LINCOLN, Maine — A local farmer accused of poisoning crows with pesticide-laced bread that accidentally killed a neighbor’s two dogs is facing a criminal charge and a civil investigation in connection with the deaths of the birds.
Stone Wall Farms owner Al Fugazzi, 66, was issued a summons Tuesday charging him with illegally taking or killing wild birds, a Class E crime punishable by up to six months incarceration and a $1,000 fine, police said. He will not face charges in connection with the poisoning of the dogs in the April 23 incident, Penobscot County District Attorney R. Christopher Almy said.
Fugazzi was issued the summons after Officer John Walsh found seven dead crows on Fugazzi’s farm as part of his investigation of the deaths of the dogs. State law prohibits the killing of “wild birds, with the exception of rock doves and wild turkeys,” and Fugazzi admitted spreading the insecticide, said Dan Summers, Lincoln’s public safety director.
The state Department of Agriculture’s Board of Pesticides Control also is reviewing Walsh’s report and conducting its own investigation, Henry Jennings, the board’s director, said Tuesday. The investigation, focused on whether Fugazzi violated regulations on the use of the insecticide, likely will conclude in two or three weeks.
Fugazzi declined to comment on Tuesday.
Walsh called the poisoning of the dogs, an English setter named Jasper and a dachshund named Moxie, “a tragedy led on by a series of unfortunate mistakes by both parties.”
One of the dogs’ owners, Enfield Road resident Tim Thornton, said he was deeply saddened about the loss of the pets but unsure whether Fugazzi committed any wrongdoing.
“You have that part of you that wants to do something, but you also don’t want to do something unjust,” Thornton said Monday. “I just want to ensure that it cannot happen to anyone else.”
Thornton’s wife, Ann Thornton, told Walsh that she was walking her dogs without a leash on the border of the farm field on April 23 when the dogs ran ahead and ate pieces of bread. The dogs, she said, immediately began foaming at the mouth and staggering. Both died shortly thereafter, Summers said.
The bread, Walsh’s investigation revealed, was sprinkled with Lannate pesticide. That’s a trade name for methomyl, a broad-spectrum insecticide that in fatal cases paralyzes the muscles of the respiratory system and severely constricts lung openings.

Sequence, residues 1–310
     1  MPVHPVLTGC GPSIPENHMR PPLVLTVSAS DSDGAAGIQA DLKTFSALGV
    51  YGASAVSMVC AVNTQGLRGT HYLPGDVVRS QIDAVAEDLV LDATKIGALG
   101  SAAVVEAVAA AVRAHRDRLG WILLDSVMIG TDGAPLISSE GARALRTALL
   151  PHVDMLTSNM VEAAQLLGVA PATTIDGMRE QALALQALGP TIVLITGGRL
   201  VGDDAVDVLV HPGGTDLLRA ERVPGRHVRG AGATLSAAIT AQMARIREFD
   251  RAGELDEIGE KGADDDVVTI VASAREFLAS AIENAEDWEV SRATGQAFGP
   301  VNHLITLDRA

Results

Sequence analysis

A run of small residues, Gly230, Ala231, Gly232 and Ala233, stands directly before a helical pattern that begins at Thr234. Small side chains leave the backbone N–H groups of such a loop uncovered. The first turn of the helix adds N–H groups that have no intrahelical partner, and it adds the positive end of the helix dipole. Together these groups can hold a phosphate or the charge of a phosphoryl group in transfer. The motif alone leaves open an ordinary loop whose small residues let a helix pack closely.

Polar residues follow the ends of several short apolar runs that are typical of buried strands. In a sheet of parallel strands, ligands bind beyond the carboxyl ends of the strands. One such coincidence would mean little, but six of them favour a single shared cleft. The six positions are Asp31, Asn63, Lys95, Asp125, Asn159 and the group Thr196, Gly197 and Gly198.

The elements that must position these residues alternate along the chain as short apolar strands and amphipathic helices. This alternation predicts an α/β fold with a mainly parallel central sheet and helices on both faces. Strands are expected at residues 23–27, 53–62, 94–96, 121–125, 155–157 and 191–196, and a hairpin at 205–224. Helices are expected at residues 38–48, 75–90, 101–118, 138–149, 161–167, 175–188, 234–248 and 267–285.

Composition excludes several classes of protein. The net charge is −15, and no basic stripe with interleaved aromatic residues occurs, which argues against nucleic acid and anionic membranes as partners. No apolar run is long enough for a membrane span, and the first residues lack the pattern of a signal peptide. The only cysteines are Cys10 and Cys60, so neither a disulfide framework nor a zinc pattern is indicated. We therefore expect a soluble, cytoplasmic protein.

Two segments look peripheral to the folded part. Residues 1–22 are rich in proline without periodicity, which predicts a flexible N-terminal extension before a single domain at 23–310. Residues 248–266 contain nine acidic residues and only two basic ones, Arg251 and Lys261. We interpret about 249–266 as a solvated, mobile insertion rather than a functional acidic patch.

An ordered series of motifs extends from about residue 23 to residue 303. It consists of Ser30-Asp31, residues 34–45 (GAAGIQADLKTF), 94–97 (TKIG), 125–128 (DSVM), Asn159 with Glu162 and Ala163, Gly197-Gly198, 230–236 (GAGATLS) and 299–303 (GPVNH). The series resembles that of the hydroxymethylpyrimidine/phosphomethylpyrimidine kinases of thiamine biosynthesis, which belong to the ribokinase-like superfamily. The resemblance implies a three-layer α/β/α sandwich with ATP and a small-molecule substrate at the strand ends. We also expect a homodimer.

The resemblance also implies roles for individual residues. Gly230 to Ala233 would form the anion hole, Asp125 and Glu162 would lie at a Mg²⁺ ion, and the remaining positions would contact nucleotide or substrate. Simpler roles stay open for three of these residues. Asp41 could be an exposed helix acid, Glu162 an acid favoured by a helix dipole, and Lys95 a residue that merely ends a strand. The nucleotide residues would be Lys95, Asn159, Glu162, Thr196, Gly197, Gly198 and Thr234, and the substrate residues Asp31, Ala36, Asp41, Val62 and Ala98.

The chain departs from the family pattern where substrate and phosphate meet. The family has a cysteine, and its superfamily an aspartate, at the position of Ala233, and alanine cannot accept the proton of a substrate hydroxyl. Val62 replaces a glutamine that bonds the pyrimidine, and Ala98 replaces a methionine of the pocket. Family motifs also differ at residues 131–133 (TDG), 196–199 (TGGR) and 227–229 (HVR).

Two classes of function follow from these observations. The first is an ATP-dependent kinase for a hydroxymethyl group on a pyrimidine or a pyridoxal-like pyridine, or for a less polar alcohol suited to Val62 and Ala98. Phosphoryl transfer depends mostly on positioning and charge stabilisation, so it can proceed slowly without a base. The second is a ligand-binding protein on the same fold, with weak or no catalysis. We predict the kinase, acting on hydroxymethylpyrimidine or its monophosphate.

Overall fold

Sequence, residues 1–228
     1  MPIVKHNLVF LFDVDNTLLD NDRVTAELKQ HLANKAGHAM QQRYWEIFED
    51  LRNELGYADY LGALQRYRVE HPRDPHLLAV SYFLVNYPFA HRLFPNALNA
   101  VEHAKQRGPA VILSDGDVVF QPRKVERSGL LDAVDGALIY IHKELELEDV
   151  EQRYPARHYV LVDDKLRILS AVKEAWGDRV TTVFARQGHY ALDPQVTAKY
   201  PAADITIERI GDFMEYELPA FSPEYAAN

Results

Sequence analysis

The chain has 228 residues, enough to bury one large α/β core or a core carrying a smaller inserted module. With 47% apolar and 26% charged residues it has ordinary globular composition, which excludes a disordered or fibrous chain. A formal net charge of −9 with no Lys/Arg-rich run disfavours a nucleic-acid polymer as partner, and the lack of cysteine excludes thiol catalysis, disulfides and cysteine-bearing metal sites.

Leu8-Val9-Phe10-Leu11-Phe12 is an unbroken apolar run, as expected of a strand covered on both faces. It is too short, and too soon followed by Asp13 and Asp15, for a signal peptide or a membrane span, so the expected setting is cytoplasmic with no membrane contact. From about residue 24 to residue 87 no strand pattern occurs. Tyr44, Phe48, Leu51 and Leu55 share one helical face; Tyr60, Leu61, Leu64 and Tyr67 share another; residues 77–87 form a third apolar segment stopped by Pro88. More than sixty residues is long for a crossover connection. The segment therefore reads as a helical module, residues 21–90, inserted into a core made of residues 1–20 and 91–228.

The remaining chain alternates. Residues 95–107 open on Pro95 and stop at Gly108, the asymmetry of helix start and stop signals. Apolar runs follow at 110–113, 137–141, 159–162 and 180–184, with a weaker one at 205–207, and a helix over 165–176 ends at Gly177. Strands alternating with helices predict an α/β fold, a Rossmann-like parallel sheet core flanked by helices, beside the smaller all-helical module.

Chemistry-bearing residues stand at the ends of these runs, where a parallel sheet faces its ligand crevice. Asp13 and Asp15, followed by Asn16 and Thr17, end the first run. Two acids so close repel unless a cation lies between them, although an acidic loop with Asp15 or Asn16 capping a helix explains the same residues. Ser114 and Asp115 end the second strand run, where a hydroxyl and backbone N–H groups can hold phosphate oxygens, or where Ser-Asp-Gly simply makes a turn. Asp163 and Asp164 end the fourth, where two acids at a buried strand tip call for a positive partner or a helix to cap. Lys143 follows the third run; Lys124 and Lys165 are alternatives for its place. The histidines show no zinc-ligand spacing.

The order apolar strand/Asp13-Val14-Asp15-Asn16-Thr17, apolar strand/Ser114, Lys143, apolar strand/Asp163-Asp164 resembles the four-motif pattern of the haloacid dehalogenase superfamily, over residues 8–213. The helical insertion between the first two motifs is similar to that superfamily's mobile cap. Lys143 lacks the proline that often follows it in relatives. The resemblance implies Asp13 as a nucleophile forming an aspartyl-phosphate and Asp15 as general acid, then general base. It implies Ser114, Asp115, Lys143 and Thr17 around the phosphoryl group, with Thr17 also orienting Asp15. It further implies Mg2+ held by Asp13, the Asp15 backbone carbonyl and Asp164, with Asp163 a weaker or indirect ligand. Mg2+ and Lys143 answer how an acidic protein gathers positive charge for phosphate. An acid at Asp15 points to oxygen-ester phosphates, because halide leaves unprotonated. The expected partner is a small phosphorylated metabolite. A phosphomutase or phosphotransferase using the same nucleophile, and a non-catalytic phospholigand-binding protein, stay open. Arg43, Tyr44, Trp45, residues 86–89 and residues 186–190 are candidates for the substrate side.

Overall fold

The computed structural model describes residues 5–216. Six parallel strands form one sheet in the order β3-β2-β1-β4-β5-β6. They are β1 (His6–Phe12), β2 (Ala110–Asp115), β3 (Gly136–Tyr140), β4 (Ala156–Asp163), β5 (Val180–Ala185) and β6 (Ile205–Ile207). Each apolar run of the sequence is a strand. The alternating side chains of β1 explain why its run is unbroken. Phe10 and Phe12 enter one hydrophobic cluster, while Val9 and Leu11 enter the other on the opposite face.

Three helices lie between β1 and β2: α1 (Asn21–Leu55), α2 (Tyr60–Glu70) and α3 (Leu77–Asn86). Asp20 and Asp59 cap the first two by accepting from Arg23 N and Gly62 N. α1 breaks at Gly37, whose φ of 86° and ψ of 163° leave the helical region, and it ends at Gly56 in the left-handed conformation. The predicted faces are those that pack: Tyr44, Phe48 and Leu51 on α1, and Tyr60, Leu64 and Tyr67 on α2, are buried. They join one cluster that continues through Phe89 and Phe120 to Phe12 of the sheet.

Fugazzi is appropriately licensed to use Lannate and had no apparent intention to harm the dogs, Summers said. Farmers also have the right to protect their land or crops against damage caused by most animals. The Thorntons did not have permission to be on the property and the farm-protection law contains no provisions for pet dogs, Summers said.
“I don’t think there was any intention of any wrongdoing within any of this,” Summers said Monday, calling the case unique in his 27-year career. “It’s one of those things that you would never think of.”
Fugazzi might, however, be civilly liable with the pesticide control board for dispensing the Lannate improperly. Lannate is supposed to be mixed with water and sprayed, not put on bread for crows to eat, Summers said.
If Fugazzi is found guilty under Title 22 of Maine’s General Statutes of dispensing the Lannate “inconsistent with the labeling or other restrictions imposed by the [pesticides control] board,” he could face a civil court fine of up to $1,500, Jennings said.
Besides the farm off Enfield Road, Fugazzi owns a farm stand on West Broadway in Lincoln. He leases the Enfield Road farmland to someone else but as its owner and manager is still legally responsible for what happens on it, police said.
The Thorntons said it is common for people to walk their dogs in the neighborhood, which is near Penobscot Valley Hospital, and on the border of Fugazzi’s farmland. The typical route Thornton walked her dogs on extends from Bedford Farm Road onto an ATV path that leads to a back entrance to Fugazzi’s field, she said.
Several vegetables and fruits, including peas and strawberries, are grown on the farm. It is close to Route 2 but has several homes between it and the roadway. At least one access road runs onto it. Police said the farmland has “No Trespassing” signs near its main access road entrance and rocks spray-painted with a “No Trespassing” symbol blocking another road into it, but that Thornton could not have seen those from where she was walking the dogs. She said she wasn’t aware of any spray-painted rocks.
Since the incident, someone placed orange cones and tape as blocks on the main access road, Tim Thornton said.
Lincoln does not have its own leash law, Animal Control Officer Nicole Murchison said. Under the state’s dogs-at-large civil law, owners who let their pets roam free can face fines of $50 to $250, but typically get a warning first, she said.
The hardest part about losing the dogs, Ann Thornton said, is no longer feeling their happy presence. The Thorntons’ loss is compounded by having put down another dog due to old age about three weeks ago, she said.
“It is a loss in the family,” she said.
Fugazzi is due in Lincoln District Court on June 7.